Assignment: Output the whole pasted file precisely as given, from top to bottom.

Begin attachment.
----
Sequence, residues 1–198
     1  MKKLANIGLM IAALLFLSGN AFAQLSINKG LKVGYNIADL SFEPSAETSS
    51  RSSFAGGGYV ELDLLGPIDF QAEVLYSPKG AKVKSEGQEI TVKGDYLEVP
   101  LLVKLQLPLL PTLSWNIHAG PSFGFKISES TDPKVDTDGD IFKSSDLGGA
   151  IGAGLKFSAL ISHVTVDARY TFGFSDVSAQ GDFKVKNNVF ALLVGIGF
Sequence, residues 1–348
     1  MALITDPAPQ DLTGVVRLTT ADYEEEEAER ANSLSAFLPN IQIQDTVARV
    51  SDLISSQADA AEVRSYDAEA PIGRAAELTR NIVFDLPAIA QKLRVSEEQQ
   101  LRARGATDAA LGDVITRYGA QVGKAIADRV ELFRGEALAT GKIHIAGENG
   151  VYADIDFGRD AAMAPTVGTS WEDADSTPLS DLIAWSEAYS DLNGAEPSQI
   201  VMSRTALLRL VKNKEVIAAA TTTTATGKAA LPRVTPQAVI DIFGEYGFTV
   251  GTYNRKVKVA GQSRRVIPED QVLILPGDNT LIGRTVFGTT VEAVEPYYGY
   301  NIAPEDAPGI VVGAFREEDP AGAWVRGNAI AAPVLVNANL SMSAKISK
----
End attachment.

Sequence, residues 1–198
     1  MKKLANIGLM IAALLFLSGN AFAQLSINKG LKVGYNIADL SFEPSAETSS
    51  RSSFAGGGYV ELDLLGPIDF QAEVLYSPKG AKVKSEGQEI TVKGDYLEVP
   101  LLVKLQLPLL PTLSWNIHAG PSFGFKISES TDPKVDTDGD IFKSSDLGGA
   151  IGAGLKFSAL ISHVTVDARY TFGFSDVSAQ GDFKVKNNVF ALLVGIGF
Sequence, residues 1–348
     1  MALITDPAPQ DLTGVVRLTT ADYEEEEAER ANSLSAFLPN IQIQDTVARV
    51  SDLISSQADA AEVRSYDAEA PIGRAAELTR NIVFDLPAIA QKLRVSEEQQ
   101  LRARGATDAA LGDVITRYGA QVGKAIADRV ELFRGEALAT GKIHIAGENG
   151  VYADIDFGRD AAMAPTVGTS WEDADSTPLS DLIAWSEAYS DLNGAEPSQI
   201  VMSRTALLRL VKNKEVIAAA TTTTATGKAA LPRVTPQAVI DIFGEYGFTV
   251  GTYNRKVKVA GQSRRVIPED QVLILPGDNT LIGRTVFGTT VEAVEPYYGY
   301  NIAPEDAPGI VVGAFREEDP AGAWVRGNAI AAPVLVNANL SMSAKISK